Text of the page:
The county coroner has identified the woman as Regina Foley, who owned a condo at the Pointe at Lake Dillon in Frisco, according to local property records.
Rescue crews working at the trailhead to recover Foley’s body Sunday night said she had been hiking with two other men when she fell.
The trio reached the summit earlier in the day and were on their way back down the mountain. Foley was close to the base of the mountain when she tripped and fell about 150 feet to her death.
According to Charles Pitman, spokesman for the Summit County Rescue Group, the hikers had veered off the trail and Foley was struggling to navigate her way down a steep, challenging section the rocky mountainside when she fell.
The call came in around 6 p.m. and the rescuers had Foley’s body off the mountain by 8:30 p.m. Because where she fell is so steep, Pitman said, they had to use ropes to lower Foley’s body about 200 feet to get her down to the recpath at the base of the mountain.
“Anytime you get off trail on that particular mountain, you have to be cognizant of rock bands and some of these gullies that get filled with brush and dense undergrowth,” Pitman said.
He doesn’t know exactly which route the hikers took Sunday, but Pitman said one of them told him they purposely went off trail on the way down to vary up the hike.
“There is loose scree and rock bands; sometimes it can get fairly steep, and it’s difficult to get a footing because it slips out from under you,” Pitman said of the area, explaining that it’s a fairly common feature across the Rocky Mountains.
The Summit County Coroner’s Office responded to the scene. The coroner has since determined Foley died as a result of injuries suffered in the fall and ruled her death an accident.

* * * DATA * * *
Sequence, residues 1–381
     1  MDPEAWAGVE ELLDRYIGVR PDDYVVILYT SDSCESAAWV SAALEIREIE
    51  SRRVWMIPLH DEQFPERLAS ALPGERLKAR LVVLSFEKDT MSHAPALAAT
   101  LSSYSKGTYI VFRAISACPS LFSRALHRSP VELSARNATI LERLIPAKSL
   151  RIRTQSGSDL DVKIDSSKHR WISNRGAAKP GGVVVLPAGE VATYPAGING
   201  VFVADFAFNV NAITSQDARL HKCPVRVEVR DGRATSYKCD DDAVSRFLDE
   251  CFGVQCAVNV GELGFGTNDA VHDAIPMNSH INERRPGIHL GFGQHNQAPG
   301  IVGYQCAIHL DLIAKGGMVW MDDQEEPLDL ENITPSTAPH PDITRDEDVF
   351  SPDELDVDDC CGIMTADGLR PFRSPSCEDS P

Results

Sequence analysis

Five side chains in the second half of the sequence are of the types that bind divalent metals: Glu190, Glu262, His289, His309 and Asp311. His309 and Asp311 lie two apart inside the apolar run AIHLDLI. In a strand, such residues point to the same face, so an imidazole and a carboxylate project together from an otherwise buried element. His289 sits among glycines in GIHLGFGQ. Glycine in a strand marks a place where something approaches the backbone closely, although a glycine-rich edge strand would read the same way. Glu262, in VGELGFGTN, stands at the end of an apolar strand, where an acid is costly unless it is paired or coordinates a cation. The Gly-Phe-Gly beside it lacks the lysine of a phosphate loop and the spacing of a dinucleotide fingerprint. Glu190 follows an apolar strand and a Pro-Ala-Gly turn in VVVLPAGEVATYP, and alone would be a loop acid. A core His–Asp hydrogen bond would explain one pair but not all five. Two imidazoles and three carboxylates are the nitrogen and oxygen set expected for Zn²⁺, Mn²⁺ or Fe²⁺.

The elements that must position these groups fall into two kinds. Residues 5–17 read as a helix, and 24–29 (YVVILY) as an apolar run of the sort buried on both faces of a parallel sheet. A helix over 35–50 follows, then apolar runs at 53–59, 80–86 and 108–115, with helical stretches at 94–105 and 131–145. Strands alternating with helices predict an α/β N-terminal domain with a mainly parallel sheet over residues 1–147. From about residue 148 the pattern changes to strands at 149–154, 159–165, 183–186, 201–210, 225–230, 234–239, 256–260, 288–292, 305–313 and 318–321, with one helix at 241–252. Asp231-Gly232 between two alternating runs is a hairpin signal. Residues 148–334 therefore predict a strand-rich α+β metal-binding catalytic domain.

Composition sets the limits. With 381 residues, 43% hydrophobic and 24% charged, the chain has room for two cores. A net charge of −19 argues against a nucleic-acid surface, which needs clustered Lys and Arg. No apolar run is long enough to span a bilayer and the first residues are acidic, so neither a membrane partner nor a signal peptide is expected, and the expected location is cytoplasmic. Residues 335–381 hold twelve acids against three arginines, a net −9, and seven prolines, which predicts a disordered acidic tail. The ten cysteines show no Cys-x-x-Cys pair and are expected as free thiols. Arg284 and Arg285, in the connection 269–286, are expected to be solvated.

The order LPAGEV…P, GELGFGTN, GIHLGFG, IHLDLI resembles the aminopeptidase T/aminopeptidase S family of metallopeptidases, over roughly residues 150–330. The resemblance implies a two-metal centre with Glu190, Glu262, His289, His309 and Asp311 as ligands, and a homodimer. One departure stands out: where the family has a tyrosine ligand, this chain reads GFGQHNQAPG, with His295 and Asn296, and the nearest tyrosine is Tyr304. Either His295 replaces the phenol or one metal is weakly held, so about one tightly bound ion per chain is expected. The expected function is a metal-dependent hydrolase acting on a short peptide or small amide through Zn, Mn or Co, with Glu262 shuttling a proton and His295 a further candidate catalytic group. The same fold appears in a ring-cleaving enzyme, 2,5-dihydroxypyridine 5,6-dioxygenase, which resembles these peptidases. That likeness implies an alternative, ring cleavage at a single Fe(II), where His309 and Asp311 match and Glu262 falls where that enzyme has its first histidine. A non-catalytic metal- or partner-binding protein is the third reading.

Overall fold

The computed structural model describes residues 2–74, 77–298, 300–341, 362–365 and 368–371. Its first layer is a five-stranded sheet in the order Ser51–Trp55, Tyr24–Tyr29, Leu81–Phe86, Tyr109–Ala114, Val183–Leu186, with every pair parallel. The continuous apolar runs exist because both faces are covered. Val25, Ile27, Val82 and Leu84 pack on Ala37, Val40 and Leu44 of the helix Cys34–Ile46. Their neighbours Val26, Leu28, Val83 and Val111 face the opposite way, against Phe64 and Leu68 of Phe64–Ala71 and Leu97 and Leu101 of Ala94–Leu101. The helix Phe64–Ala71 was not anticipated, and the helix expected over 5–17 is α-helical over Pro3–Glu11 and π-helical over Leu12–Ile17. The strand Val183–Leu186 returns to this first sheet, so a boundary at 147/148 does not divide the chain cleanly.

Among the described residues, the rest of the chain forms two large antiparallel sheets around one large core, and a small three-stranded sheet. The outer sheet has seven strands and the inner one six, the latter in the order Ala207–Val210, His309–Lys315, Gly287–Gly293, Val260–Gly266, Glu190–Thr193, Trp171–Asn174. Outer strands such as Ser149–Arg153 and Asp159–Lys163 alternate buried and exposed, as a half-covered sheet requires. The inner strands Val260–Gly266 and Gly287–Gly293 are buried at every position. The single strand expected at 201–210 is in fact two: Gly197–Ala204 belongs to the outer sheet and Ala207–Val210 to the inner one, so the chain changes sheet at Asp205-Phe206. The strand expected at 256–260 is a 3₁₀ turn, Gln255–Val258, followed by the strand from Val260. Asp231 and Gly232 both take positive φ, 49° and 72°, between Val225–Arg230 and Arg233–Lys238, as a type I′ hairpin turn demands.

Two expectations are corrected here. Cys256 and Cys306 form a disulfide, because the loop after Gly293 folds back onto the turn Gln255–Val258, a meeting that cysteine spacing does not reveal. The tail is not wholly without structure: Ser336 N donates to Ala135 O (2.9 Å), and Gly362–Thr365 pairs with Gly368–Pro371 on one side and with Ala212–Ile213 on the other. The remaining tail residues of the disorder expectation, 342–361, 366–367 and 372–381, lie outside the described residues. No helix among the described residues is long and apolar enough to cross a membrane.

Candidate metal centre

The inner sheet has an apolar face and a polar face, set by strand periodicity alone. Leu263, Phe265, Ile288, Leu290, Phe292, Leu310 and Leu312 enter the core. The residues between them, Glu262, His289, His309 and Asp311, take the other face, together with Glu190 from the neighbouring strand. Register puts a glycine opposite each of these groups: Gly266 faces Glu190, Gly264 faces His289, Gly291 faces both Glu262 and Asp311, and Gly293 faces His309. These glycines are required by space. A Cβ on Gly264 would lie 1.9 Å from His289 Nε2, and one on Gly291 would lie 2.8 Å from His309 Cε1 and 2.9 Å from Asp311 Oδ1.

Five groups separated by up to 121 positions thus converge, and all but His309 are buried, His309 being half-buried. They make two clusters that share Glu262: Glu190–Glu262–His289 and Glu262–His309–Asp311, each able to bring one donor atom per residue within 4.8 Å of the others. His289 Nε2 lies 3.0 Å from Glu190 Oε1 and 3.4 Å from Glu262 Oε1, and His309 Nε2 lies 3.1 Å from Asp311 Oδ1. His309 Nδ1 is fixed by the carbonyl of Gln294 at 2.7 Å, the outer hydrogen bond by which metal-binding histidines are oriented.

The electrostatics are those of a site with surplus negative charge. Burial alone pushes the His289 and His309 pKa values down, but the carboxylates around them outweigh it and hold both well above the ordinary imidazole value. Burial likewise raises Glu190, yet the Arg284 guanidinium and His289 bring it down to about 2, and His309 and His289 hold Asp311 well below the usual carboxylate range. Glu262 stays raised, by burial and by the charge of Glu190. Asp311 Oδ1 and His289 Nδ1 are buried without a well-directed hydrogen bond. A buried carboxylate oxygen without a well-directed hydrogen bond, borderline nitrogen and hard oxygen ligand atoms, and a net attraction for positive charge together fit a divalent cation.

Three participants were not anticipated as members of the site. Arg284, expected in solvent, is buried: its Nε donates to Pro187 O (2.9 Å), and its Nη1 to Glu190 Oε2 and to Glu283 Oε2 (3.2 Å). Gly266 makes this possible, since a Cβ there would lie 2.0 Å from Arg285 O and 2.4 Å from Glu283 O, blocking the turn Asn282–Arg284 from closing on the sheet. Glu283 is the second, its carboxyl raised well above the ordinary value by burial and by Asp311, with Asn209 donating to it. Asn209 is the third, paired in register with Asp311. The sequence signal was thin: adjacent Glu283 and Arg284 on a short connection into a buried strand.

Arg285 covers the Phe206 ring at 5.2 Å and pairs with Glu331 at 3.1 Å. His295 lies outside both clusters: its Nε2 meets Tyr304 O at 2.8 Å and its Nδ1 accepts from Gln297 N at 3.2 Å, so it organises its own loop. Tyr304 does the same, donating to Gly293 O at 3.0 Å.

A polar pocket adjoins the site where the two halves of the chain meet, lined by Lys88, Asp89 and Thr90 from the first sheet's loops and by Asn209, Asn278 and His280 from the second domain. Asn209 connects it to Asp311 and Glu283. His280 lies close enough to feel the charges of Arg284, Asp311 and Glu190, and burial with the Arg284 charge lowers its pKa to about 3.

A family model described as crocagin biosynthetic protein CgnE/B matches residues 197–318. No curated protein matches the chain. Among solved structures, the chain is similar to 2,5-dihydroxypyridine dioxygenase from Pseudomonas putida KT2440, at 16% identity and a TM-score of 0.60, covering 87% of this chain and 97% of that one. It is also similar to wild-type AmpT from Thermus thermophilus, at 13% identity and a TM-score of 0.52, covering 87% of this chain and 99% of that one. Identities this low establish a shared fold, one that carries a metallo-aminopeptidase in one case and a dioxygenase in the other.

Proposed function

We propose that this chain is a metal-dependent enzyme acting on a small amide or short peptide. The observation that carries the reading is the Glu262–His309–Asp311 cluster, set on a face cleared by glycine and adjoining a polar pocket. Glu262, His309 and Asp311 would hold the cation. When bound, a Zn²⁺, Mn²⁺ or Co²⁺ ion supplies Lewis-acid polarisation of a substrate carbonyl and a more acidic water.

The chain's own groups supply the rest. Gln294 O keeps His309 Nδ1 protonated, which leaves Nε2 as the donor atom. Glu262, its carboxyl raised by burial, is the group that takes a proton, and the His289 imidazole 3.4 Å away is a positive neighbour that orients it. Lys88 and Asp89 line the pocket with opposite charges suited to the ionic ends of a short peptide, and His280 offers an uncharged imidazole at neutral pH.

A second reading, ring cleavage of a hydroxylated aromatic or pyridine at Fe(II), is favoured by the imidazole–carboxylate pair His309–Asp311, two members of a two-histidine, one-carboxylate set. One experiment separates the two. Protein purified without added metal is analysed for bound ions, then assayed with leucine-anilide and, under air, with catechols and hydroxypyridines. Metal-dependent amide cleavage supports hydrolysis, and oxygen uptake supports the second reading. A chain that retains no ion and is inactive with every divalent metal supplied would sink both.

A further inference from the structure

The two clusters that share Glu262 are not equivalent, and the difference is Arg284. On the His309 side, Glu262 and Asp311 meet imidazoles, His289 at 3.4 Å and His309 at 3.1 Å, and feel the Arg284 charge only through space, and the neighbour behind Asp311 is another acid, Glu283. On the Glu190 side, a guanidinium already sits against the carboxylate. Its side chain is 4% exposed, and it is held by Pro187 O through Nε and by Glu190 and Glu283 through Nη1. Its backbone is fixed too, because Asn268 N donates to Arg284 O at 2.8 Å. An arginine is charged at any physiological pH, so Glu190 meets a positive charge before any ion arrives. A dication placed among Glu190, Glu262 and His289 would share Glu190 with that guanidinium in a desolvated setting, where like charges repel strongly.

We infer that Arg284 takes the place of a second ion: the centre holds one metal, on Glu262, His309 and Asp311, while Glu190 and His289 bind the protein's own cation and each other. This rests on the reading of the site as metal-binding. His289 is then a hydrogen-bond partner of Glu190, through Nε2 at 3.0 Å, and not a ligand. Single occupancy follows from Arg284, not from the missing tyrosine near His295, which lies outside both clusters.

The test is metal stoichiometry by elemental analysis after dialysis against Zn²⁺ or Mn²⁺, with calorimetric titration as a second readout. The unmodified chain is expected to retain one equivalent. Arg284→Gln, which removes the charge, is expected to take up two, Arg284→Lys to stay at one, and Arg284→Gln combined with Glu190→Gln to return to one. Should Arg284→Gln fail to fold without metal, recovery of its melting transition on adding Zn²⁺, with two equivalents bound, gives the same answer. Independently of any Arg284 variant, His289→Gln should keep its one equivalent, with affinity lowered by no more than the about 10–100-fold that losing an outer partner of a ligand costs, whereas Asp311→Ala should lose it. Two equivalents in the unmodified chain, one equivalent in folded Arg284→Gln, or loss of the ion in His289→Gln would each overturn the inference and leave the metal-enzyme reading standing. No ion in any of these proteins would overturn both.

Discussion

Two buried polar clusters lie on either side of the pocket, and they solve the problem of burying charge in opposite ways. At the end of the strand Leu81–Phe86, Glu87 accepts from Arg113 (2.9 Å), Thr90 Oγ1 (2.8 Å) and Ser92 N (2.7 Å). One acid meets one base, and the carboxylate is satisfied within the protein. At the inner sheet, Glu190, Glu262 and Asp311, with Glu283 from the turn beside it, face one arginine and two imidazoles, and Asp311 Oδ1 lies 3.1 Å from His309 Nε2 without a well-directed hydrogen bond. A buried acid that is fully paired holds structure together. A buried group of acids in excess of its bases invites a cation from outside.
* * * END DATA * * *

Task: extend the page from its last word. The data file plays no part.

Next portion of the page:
According to Foley’s Facebook page, she was the owner and operator of Foley Enterprises, a distributor of promotional products, including items like mugs, pens and T-shirts.
Stretch Funeral Home in Havertown is handling the arrangements. They were incomplete as of Monday afternoon.
So far this summer, at least three people have died on Summit County mountains.
A longtime local, beloved coach for the Summit Nordic Ski Club and accomplished endurance athlete, Hannah Taylor died July 21 when she was struck by a falling rock while running the Gore Range. She was 39 years old.
Ten days later, David Law, a 67-year-old man from Casper, Wyoming, died after suffering a heart attack on his way up Quandary Peak, one of Colorado’s most popular 14ers.
Meanwhile, the search for 33-year-old Denver resident Tyler Gorrell has not yet yielded any results. Gorrell was reported missing Aug. 3 and his car was found near the Rock Creek trailhead a week later.
Gorrell is 5-foot-9 and about 200 pounds. He has long brown hair that he usually wears in a ponytail and is said to have a tattoo on his back below his neck. Gorrell has hiked Summit County trails in the past and is somewhat familiar with the area.
According to Pitman, the rescue group has expended over 400 manhours in the search for Gorrell. He is thought to be somewhere in Summit County’s backcountry, perhaps in the area outside Silverthrone, but crews so far have been unable to find the missing man.